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Question : I get mail promoting the great benefits of chelation therapy. The claim is that it removes calcium and other metals from the walls of arteries.
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The Trusted Source
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Howard LeWine, M.D.

Howard LeWine, M.D., is chief editor of Internet Publishing, Harvard Health Publications. He is a clinical instructor of medicine at Harvard Medical School and Brigham and Women's Hospital. Dr. LeWine has been a primary care internist and teacher of internal medicine since 1978.

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March 01, 2012
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A:

Chelation therapy uses chemicals that combine with metals or other toxins in the body, creating less harmful compounds that are discharged in the urine. It’s the standard way of treating serious cases of lead poisoning and certain medical conditions such as iron overload.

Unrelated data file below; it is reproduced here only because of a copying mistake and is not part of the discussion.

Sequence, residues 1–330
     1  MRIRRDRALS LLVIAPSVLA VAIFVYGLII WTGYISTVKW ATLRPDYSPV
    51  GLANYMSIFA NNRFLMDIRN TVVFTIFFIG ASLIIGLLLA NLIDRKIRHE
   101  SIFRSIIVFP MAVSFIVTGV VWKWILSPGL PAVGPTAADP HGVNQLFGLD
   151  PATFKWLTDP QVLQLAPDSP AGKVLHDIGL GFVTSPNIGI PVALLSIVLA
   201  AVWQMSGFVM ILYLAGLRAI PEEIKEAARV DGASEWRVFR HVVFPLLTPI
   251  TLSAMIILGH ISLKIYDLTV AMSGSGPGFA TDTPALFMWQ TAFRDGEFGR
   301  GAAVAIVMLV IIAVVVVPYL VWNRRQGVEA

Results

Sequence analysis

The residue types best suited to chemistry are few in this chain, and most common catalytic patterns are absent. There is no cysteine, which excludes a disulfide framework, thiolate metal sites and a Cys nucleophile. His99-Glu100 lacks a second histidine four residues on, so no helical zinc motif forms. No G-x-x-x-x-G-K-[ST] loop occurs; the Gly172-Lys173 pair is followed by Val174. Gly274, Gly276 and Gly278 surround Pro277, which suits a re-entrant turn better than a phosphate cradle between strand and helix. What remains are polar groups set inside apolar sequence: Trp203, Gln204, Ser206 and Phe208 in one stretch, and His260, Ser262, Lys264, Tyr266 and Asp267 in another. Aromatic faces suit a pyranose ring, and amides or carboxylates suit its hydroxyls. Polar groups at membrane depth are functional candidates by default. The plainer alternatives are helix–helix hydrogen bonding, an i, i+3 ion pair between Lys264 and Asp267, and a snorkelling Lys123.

For several years, chelation with a chemical called EDTA has been promoted as a sort of “vascular Drano” that will remove harmful metals from your arteries. And this would lower your risk for heart attack, stroke, and other blood vessel diseases. It’s an interesting idea. But so far, it hasn’t panned out. Most studies have not shown benefits from chelation therapy.

Chelation can have serious side effects. Some include kidney damage, dangerous heart rhythms and seizures.

You asked about vinegar. EDTA stands for ethylene diamine tetra-acetic acid. It’s a synthetic compound with a little “pocket” that attracts metals. That’s why it is used to pull lead and other metals out of the bloodstream. Acetic acid is the naturally produced chemical that gives vinegar its distinctive sour smell and taste. Although EDTA is an acid, and part of its structure resembles acetic acid (thus the name), it’s really an entirely different compound.

I suppose vinegar might have some health benefits. But there is no reason to believe that it could remove metals from the walls of arteries.

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